Although cannabis does not produce an addictive effect as alcohol or tobacco do. Regular marijuana use builds tolerance to the effects of THC in the brain, leading to increases in cannabis use to produce the desired effect.

Effects of THC on the brains of young people

Before reaching adulthood, the brain presence of CB1 receptors is greater and, therefore, there is more potential for the effects of THC in the brain to affect exponentially (13, 14).

It has already been documented that cannabis use in adolescence leads to alterations in cognitive processes, resulting in poor academic performance (15), decreased IQ (IQ; 16) and memory impairment (17, 18, 19).

On the other hand, the result of its use at an early age can lead to a smaller size of the brain morphology, especially a smaller volume of white matter (14, 20).

Effects of THC on pregnancy and breastfeeding

THC, like many cannabinoids, is lipophilic in nature, so it can be excreted in breast milk (21) and can cross the placental barrier and reach the pregnant baby (22).

One research group reported that children of women who smoked cannabis during pregnancy, although they did not have lower IQ levels, had deficits in visual analysis and lower attention span (23).

The personal factor in the effect of marijuana

The effects of cannabis on the brain are affected by many factors. There is a study that postulates that variations in the THC response in the brain are due to the particular personality of each individual.

This finding was proposed by a group of researchers, who suggest that people who are more vulnerable to stress, and consequently to suffer from depression and anxiety, may have a tendency to exhibit negative behaviors as a result of the effect of THC on the brain (24).

An example of this is psychosis, manifested as delusions or hallucinations, which generally occurs in people prone to psychotic disorders (24) such as people with schizophrenia.

External factors may play a role in the effects on cannabis use. Society’s perception of cannabis use may vary depending on the cultural, legal and social context of each region. In some countries, cannabis use is considered taboo and associated with illegal behavior, while in others it is seen as a normal and accepted practice.

So, is it safe to consume cannabis?

As mentioned above, the negative effects associated with marijuana use are associated with THC, the psychoactive component. To this we must add the fact that, over the last decades, marijuana strains with very high THC levels, never seen before, have been developed.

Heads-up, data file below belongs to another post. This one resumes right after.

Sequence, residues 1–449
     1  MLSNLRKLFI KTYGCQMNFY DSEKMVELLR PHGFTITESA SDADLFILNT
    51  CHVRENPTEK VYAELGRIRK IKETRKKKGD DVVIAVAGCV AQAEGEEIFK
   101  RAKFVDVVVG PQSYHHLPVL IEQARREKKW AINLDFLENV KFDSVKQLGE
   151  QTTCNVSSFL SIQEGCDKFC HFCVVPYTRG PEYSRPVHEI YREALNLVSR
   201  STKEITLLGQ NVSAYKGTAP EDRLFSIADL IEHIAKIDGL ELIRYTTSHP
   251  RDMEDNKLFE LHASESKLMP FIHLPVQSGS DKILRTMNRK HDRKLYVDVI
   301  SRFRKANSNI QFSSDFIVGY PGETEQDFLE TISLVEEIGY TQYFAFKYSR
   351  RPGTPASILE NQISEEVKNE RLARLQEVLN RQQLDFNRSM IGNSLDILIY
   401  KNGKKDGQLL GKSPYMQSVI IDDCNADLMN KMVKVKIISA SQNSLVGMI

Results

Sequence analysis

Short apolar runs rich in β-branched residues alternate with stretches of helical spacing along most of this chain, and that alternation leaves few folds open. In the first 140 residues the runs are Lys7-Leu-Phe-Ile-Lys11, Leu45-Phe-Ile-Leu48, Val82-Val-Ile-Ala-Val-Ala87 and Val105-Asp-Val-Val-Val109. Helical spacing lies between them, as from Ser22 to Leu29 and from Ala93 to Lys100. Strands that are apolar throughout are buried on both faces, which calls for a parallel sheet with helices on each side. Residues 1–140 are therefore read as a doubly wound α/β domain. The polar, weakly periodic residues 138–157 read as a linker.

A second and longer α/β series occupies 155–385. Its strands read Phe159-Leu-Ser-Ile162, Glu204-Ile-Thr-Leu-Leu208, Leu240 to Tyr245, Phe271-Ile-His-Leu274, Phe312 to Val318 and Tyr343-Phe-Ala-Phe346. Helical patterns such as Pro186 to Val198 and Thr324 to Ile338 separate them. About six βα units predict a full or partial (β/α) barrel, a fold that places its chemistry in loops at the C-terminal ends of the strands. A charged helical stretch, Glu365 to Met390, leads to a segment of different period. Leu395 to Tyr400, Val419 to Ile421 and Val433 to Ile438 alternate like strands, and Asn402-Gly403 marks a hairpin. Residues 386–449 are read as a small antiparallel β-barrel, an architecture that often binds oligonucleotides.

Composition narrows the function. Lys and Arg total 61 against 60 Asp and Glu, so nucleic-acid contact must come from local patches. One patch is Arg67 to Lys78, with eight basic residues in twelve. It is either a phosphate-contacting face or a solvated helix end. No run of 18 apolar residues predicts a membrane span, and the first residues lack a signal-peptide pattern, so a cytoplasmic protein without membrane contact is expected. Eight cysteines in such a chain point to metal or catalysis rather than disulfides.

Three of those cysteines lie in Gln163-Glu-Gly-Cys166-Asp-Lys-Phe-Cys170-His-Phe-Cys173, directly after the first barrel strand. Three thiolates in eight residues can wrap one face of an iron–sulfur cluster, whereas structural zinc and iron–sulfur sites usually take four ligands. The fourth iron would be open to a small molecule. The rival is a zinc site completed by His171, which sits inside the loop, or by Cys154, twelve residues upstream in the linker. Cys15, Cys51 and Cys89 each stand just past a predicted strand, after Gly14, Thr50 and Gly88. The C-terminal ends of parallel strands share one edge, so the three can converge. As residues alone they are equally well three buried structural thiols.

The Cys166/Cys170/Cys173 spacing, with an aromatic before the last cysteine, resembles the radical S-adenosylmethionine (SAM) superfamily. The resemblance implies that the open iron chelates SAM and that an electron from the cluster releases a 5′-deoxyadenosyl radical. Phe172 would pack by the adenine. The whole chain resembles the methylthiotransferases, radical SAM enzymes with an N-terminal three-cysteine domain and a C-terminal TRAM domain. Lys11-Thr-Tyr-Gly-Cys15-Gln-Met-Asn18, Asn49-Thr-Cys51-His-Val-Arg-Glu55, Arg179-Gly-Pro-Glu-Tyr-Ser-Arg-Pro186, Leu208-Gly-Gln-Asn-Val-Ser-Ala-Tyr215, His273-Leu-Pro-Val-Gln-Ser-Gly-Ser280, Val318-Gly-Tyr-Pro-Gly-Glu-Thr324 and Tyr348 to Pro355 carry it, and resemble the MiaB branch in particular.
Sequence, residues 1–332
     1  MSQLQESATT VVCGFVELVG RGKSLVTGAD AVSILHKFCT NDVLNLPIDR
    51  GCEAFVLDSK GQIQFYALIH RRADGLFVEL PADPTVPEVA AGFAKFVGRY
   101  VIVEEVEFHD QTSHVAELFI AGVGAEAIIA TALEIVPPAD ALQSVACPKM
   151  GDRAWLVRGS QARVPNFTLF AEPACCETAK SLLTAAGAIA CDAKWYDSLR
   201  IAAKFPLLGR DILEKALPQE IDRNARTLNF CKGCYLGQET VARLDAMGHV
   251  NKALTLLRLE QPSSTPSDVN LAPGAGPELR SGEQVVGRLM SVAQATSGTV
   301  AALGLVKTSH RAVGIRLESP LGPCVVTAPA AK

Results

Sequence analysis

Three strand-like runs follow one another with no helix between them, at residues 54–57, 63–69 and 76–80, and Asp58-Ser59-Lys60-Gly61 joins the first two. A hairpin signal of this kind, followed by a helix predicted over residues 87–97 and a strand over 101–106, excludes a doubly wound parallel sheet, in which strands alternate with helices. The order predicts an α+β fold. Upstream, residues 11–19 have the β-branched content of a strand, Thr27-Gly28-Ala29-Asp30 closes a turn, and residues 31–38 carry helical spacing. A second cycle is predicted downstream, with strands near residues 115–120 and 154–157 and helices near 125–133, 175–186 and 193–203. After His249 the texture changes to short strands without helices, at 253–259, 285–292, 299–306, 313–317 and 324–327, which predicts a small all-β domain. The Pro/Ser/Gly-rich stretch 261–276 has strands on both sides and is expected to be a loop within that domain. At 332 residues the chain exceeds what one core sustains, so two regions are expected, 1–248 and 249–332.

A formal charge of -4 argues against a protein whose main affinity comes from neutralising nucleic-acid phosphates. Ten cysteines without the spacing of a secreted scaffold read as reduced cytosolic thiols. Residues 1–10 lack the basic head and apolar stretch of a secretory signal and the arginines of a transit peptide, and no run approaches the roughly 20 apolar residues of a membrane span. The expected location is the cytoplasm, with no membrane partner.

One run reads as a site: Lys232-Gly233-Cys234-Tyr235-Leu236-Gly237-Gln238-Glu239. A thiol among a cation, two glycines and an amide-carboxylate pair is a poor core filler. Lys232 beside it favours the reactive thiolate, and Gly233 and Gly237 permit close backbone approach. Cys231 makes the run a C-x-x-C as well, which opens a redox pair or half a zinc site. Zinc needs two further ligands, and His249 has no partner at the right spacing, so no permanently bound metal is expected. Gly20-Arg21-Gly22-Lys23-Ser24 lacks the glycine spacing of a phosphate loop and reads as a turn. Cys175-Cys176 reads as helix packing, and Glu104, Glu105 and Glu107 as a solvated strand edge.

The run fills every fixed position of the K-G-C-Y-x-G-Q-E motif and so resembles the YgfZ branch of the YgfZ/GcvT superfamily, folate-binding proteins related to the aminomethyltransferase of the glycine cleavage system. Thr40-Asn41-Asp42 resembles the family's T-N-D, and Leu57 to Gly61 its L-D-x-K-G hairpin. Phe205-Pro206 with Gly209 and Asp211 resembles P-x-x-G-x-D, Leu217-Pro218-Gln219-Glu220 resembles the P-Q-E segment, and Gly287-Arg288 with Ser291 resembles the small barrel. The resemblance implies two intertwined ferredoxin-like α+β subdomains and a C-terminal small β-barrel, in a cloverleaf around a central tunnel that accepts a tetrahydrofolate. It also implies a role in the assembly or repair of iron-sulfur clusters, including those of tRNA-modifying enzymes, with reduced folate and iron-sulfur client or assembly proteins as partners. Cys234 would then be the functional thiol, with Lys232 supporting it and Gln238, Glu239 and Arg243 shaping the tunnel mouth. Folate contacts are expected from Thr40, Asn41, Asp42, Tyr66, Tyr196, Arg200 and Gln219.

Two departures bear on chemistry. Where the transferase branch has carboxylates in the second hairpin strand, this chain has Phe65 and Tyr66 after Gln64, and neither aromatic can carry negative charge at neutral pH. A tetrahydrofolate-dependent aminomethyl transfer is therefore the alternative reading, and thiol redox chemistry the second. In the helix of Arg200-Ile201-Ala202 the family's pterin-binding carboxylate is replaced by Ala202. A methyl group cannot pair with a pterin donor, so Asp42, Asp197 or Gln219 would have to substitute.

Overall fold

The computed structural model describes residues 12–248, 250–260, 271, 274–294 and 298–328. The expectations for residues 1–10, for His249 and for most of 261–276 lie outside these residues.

While at the time of the Beatles, marijuana contained about 4% THC, today’s marijuana strains exceed 30% THC.

The disproportionate increase in THC exacerbates the psychoactive properties and increases the possibility of unwanted effects.

Strategies for minimizing the risks associated with cannabis use

The safe use of cannabis needs to be assessed by the user. Remember that all the negative effects mentioned here are not obvious to the naked eye, as the damage that is documented through research is generally observed in clinical studies.

For example, if marijuana has been consumed since adolescence or adulthood on a regular basis, the brain has probably already adapted to cover the functional difficulties resulting from chronic THC use. That is, the changes in the brain have already been made and probably, although evident with poor memory or inattention, the symptoms tend to be normalized and unnoticed by the THC user.

  • In general, according to the available scientific evidence, it is wise to avoid using cannabis while the brain is still developing. In this way, normal physiology and growth is not altered so that most of the fundamental brain connections can be formed.
  • Do not use cannabis if you are pregnant. Avoid the use of cannabis during pregnancy and breastfeeding, due to its possible undesirable effects on the baby. Cannabis, especially THC – perhaps even in very small doses – can alter the formation of neural connections.
  • Due to the long-term effects and tolerance that marijuana with high THC levels generates, it seems sensible not to consume it habitually. If you decide to consume cannabis, stay hydrated. Cannabis can cause dry mouth and eyes.
  • In adulthood, in case of consuming cannabis, choose wisely the variety, being the most appropriate those without THC.

In conclusion, it is important to make informed decisions and consult a health professional if you have any questions or concerns. Also, take into account the laws and regulations of the country where you live.

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  2. Chen, R., Zhang, J., Fan, N., Teng, Z. Q., Wu, Y., Yang, H., Tang, Y. P., Sun, H., Song, Y., & Chen, C. (2013). Δ9-THC-caused synaptic and memory impairments are mediated through COX-2 signaling. Cell, 155(5), 1154-1165.
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Masha Burelo
Investigadora en cannabinoides | Doctoranda en Neurociencia